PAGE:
7. Lahelada

    Lahelada New Member

    Err,you are flying in the face of everything that we know currently about how colours affect us. Pastel off white is your eye's interpretation,not what it actually perceives.
  8. I believe 1 second is enough to eff up rhythm and affect sleep/hormones and general wellness. If there is even a small chance that it will blast me with bright junk light or flicker, i wont even plug it in. At night, when we have been in the dark for a while, our light receptors absorb light like a sponge. An amount of light that is imperceptible during daylight is blinding and can trigger big changes at night. I havent stubbed my toes since ive given up light, actually can see/sense more overall.
  9. metallikat36

    metallikat36 New Member

    Wow, thanks. This is a good resource:
    I am surprised that many LEDs have <1% CFD, but no incandescents do. I'm going to email him. It seems he would be willing to test for flicker a handful of LED bulbs that don't have blue light, if we pay for them. I'd be willing to chip in $25 for a bulb.
    Lahelada likes this.
  10. ElectricUniverse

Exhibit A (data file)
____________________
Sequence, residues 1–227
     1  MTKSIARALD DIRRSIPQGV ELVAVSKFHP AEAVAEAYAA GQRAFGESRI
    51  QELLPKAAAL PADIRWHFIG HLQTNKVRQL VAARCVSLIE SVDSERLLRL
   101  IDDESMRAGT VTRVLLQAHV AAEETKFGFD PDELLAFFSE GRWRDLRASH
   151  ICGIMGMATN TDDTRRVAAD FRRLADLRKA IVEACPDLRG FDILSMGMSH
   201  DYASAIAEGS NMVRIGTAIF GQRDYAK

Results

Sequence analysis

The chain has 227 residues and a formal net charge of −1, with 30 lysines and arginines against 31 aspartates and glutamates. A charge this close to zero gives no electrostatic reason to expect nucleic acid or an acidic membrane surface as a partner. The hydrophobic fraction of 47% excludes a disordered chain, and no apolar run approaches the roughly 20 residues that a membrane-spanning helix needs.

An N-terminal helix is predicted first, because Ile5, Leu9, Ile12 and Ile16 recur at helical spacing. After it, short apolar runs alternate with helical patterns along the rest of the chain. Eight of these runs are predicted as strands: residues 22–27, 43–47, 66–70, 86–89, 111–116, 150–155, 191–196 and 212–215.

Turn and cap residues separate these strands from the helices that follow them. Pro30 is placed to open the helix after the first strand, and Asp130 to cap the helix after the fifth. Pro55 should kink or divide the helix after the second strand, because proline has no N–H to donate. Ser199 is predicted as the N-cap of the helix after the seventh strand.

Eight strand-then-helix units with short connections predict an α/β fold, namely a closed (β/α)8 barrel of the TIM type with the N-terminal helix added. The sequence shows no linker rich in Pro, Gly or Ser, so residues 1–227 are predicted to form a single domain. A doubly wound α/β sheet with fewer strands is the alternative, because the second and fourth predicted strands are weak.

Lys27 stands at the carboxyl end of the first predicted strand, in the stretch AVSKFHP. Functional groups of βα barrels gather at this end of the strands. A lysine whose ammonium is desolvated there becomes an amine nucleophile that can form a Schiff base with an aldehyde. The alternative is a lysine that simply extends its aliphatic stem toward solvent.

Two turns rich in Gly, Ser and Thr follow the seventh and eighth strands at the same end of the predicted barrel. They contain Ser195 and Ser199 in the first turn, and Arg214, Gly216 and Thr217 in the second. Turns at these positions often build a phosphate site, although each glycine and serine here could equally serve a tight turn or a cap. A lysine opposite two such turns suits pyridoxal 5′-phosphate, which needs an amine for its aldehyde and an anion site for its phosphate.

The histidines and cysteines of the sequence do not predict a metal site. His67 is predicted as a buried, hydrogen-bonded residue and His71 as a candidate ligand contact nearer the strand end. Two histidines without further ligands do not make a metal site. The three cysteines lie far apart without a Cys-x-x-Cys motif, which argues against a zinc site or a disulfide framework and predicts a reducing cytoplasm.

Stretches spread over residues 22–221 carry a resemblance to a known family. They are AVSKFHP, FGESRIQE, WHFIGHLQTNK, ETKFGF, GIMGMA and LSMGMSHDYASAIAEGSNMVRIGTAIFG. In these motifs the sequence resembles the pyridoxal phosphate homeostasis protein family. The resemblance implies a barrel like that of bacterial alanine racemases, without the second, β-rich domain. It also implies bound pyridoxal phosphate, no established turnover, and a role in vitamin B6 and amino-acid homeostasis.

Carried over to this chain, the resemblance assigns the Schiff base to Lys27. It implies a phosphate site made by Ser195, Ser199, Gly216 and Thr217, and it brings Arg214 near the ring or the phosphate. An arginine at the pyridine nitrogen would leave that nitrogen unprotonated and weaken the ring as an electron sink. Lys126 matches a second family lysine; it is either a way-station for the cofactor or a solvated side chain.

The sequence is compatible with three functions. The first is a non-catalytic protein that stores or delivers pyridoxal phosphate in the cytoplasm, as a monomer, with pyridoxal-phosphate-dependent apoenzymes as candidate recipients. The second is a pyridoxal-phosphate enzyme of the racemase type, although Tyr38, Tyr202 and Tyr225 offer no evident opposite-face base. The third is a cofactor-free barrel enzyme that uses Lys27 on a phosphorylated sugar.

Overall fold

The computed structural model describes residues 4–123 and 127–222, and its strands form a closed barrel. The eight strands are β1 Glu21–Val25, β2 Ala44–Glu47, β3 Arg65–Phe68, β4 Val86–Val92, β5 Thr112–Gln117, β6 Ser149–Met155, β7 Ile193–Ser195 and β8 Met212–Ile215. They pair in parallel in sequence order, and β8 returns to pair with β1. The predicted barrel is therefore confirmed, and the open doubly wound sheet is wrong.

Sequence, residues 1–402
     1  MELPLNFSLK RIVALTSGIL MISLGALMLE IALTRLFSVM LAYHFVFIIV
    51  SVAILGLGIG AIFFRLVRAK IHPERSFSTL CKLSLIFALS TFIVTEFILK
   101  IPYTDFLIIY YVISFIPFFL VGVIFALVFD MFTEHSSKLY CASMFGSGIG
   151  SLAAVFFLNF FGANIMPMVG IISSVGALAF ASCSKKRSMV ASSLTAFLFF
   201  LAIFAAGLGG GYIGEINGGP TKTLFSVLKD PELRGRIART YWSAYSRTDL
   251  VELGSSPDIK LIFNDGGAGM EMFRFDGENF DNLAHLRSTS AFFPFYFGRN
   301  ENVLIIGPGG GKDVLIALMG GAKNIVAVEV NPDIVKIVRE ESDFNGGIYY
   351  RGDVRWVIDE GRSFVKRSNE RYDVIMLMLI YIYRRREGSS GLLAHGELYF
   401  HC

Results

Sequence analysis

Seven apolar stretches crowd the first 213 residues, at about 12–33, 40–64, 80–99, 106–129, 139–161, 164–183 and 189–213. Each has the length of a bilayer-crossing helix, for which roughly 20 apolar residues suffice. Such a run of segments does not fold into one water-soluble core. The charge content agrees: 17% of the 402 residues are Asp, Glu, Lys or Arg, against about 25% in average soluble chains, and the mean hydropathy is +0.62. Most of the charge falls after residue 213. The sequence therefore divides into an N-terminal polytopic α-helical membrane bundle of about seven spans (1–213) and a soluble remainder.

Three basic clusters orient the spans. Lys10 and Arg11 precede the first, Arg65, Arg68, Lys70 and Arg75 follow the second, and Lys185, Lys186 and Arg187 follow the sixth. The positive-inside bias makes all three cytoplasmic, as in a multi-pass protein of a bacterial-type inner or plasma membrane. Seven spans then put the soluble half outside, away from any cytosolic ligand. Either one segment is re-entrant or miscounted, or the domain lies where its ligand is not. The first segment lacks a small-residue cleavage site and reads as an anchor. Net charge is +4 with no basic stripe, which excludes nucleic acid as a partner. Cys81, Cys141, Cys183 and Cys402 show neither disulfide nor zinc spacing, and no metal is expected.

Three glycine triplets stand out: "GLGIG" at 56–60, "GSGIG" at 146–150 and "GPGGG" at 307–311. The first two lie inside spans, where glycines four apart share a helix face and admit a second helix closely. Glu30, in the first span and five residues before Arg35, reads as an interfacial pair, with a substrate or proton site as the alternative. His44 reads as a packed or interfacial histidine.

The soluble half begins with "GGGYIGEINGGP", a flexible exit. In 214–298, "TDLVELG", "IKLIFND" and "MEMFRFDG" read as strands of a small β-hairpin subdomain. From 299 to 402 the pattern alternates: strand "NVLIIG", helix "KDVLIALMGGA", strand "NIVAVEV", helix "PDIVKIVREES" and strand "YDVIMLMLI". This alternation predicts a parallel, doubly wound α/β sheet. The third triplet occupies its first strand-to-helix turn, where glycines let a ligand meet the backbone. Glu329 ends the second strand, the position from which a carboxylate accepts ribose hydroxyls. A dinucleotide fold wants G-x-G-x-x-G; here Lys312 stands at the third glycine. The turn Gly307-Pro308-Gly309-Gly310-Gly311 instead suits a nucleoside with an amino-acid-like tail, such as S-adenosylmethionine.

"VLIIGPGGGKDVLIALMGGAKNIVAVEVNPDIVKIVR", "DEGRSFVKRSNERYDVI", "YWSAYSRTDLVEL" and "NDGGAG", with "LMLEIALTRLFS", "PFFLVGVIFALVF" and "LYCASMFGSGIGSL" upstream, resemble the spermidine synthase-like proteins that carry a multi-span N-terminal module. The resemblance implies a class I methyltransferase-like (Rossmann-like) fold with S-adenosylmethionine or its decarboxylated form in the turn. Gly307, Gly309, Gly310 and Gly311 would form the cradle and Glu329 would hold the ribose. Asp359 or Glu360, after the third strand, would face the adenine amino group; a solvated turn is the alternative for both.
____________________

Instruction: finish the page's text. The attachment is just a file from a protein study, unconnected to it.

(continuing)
ElectricUniverse New Member

    I don't understand your argument.

    So, if you believe off-white is bad for you, what color would you choose for your indoor enviroment? And why?
  11. Lahelada

    Lahelada New Member

    I don't understand it either...I apologise!! I misread the end of your post entirely . I was reading it as if you were talking about an offwhite lighting scheme. Sorry!!

    I do think though that an accent wall /niche of red or purple is a good addition to a house. In the same vain as the Finsen red room you may eke out some more red frequencies that way.
  12. metallikat36

    metallikat36 New Member

    - The Bedtime Bulb guy said in an interview his bulb tested the lowest flicker of any bulb he's ever tested. He say it's spec'd at "less than 1%", but that every bulb so far measured has come up less than 0.1%. What measure of flicker he is using I do not know, but that sounds promising.
    - He's also posted a list of compatible dimmers. So if 350 lumens is too much for folk, it can likely be dimmed without issue.
    - In any case, he says he's calculated the melanopic lumens of the bulb to be less than any on the market.
    - I've ordered one bulb. Will update.
    Sajid Mahmood and Alex97232 like this.
  13. metallikat36

    metallikat36 New Member

    The bulb is nice. I like the color very much. Holding my smart phone camera up to the bulb does show some lines moving across the screen, presumably indicating some flickering. But it looked a lot less "violent", for lack of a better word than the previous incandescent I had. I tried the bulb in different sockets in the house and the horizontal lines looked different depending on the socket. I wonder if his claims to be virtually flicker-free might be true, and that maybe it is just my homes electrical that is causing it. In any case, the bulb "feels" great to me. I'm gonna get more.